London definitely doesn’t suffer from a lack of Vietnamese cuisine offerings – and thanks to my previous living quarters in Hoxton, I’ve sampled a lion’s share. That said, London still hasn’t reached saturation, so far as Vietnamese food is concerned.

A healthy walk from Kings Cross station, CoBa is the brainchild of Damon Bui and MJ Gadhavi. Built on the success of their supper club, Table for 10, and Damon’s Vietnamese-Australian upbringing, the restaurant offers a menu lifted directly from Damon’s childhood. Arriving for an early Tuesday dinner, it’s immediately clear that the place is popular. Most of the tables are reserved, with punters arriving in a steady stream. Seeking advice from Twitter, earlier in the day, it’s also clear that CoBa’s prawn toast is highly recommended. We order it alongside summer rolls and BBQ lamb cutlets.

Pork and king prawn summer rolls are freshly made to order, and you can tell. The fresh herbs balance wonderfully with the meat, and the peanut dipping sauce (also fresh) decadently coats the still sticky pastry. Lamb cutlets are served with a somewhat spicy dipping sauce and they’re perfectly cooked. The meat, which has been steeped in a sweet marinade, is succulent, laden with a smoky char. The cutlets are enjoyable on their own, but the dipping sauce elevates the dish to new heights.

But for the famous prawn toast? I’m afraid that I’m not a fan. No, this isn’t standard take out fare (for starters, the filling is made with quality king prawns), but my portion is over fried and tastes of nothing but oil. Missing the flavour of the prawns completely – it’s more akin to a fried slice than a reimagining of a classic. The dish is glazed with an interesting sauce, but on tasting I get the flavours of a slightly spicy burger sauce. Alas, this dish is far from being a winner. That said, I’ve seen several mentions of the prawn toast as ‘one to remember’ across the internet, so can only suspect this iteration is perhaps an anomaly.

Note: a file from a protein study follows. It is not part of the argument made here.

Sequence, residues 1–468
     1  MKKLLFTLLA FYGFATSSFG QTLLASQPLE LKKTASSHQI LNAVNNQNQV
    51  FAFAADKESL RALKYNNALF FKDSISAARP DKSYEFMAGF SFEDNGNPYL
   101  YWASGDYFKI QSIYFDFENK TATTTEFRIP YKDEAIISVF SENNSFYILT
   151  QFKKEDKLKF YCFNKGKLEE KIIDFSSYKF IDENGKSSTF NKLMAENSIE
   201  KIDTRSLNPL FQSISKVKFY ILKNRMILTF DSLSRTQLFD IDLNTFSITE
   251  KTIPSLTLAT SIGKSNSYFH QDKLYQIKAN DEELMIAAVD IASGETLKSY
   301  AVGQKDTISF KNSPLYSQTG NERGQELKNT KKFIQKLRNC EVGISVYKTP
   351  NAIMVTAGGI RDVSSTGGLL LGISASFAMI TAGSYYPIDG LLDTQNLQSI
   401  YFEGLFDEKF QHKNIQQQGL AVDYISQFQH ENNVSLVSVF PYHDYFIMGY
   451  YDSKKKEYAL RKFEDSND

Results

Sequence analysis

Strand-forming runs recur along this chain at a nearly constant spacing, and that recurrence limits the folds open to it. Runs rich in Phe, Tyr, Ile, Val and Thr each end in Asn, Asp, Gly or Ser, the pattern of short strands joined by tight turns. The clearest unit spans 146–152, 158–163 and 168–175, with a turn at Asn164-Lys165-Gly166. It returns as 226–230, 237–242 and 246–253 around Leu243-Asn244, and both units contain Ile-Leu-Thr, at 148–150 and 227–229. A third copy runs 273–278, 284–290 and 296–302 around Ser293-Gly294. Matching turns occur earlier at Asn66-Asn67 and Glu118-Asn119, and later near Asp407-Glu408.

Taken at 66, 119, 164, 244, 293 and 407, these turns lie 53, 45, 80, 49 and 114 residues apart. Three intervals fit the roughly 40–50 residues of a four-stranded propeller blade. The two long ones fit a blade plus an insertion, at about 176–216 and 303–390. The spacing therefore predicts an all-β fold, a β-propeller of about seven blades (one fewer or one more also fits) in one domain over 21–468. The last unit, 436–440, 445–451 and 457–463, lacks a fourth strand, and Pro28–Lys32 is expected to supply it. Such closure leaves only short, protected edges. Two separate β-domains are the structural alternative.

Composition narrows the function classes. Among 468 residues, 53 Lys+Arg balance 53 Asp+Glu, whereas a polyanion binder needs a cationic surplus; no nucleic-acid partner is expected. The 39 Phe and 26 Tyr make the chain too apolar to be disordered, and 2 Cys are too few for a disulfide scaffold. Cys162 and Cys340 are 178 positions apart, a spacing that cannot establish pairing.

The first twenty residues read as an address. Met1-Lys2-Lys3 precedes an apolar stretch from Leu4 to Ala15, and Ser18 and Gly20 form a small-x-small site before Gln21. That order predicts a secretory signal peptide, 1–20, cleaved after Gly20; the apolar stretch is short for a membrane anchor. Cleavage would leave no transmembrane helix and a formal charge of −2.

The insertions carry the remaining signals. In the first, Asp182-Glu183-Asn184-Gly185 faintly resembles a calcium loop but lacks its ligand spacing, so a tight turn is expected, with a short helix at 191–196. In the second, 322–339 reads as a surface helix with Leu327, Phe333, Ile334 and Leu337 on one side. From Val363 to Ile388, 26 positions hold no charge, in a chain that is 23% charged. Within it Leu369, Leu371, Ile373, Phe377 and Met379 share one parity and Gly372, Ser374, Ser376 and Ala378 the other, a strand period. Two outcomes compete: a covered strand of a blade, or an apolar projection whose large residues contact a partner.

For mains, it’s Beef Pho, which arrives steaming, with all the ‘trimmings’ already in the soup. This is unfortunate – in so far as removing the ability to flavour the soup with the elements I’d like, but with the decision already having been made on my behalf. This wouldn’t be too problematic, if not for the healthy portion of bean sprouts. In their raw form, bean sprouts are peppery, and this is the predominant flavour, overtaking the broth’s subtlety. Otherwise, the broth is excellent. Well balanced and bursting with flavour. The beef, some of which is added to the soup raw, to be cooked by its heat on the way to the table, is thinly sliced albeit a little fatty for my liking.

A betel leaf noodle salad with BBQ beef, on the other hand, is spectacular. It’s rich, fragrant and tastes fresh and balanced. The beef is cooked meticulously, its richness harmonising accordingly with the spices, impeccably cooked noodles, crunchy peanuts and slightly fiery dressing.

Overall, the Vietnamese food at CoBa certainly warrants a visit – even for the fresh summer rolls and BBQ lamb cutlets alone. Forget the prawn toast though, the noodle salad is a dish that shouldn’t be missed.  

CoBa can be found at 244 York Way, London, N7 9AG. 


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